Quality Science Education:
ensuring a sustainable future for all        

Quality science education sparks students’ curiosity from an early age

UNESCO uses the lever of innovative hands-on kits and tools (Microscience, Mathematics Exhibition) as well as active methodology science teaching programmes to foster curiosity and the ambition to know first, to know better. The Organization is also working to attract more talented youngsters to scientific disciplines and careers by familiarizing them to experiencing science. This creates, at early age, an environment of scientific capability, collaboration habits and a healthy competitive environment. The portative science kits (true mini-labs) also contribute to relieve the lack of laboratories and facilities in developing regions, especially in Africa, and are used as experimental tools to improve curricula through practical experiments.

Quality science education takes advantage of the new development in ICTs

To build scientific capacities, UNESCO is fostering the establishment of high-quality web-based science courses, open online contents and databases as well as mobile learning programmes. These tools allow students, teachers and the general public to conveniently access high-level science knowledge that is essential to empower and engage them into science.

A few examples:

  • World Library of Science (WLoS)
  • CERN Digital Library “Invenio” supported by UNESCO’s International Basic Sciences Programme (IBSP)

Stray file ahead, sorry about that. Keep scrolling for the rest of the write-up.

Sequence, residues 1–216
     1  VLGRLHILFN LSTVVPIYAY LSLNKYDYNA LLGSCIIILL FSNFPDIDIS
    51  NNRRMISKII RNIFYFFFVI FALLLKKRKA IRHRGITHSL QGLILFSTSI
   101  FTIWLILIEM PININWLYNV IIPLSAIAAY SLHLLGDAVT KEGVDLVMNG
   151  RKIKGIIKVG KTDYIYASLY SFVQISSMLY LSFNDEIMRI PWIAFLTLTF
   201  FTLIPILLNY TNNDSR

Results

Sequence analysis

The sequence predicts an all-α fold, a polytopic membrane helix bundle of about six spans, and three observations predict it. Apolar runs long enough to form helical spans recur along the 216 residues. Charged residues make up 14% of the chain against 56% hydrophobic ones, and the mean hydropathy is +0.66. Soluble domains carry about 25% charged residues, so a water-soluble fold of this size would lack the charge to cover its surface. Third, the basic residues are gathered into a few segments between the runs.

Basic sciences education triggers innovation that is essential to sustainable development

Quality basic sciences education is an indispensable lever for innovation, conducive to any sustainable development. It is based on institutional and human capacity building, through the creation of centres of excellence, and on the international networking generated by scientific platforms such the Human Variome Project (HVP). These activities also help to fight brain-drain and strengthen each country’s abilities to sustain high-quality trainings to young generations (through teachers’ training).

Quality science education tackles both global and local challenges

UNESCO provides exciting opportunities for the public and schools to discover and experience many aspects of science, including its applications in daily-life, its relevance on societal and environmental concerns. Information about the impact of scientific research on specific issues is being made accessible - including local and global trends and perspectives on science for sustainable development in different parts of the world, such as solutions and opportunities offered in the African context.

This enables policy-makers to develop and implement evidence-based decisions, and demonstrates that science is at the core of the technological advancements that shape today’s economies and societies.

A few examples:

Empowering girls through science education

We must celebrate and give greater visibility to the achievements of women and girls in science, such as Prof Maryam Mirzakhani, who is the first woman to receive the prestigious Fields Medal in Mathematics this year. The IYCr2014 was a fantastic opportunity to showcase the achievements of women crystallographers such as Dorothy Hodgkin, who synthetized several bio-molecules (insulin, penicillin, vitamin B12, etc.), and Rosalind Franklin, who contributed to the discovery of the crystal structure of DNA. Efforts are put to render science inclusive to girls worldwide, especially in Africa.

A few examples:

© UNESCO/P. Chiang-Joo, World Science Day for Peace and Development.

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Previous Celebrations

Established by UNESCO in 2001, World Science Day for Peace and Development is celebrated worldwide on 10 November each year.

Celebration in the United Nations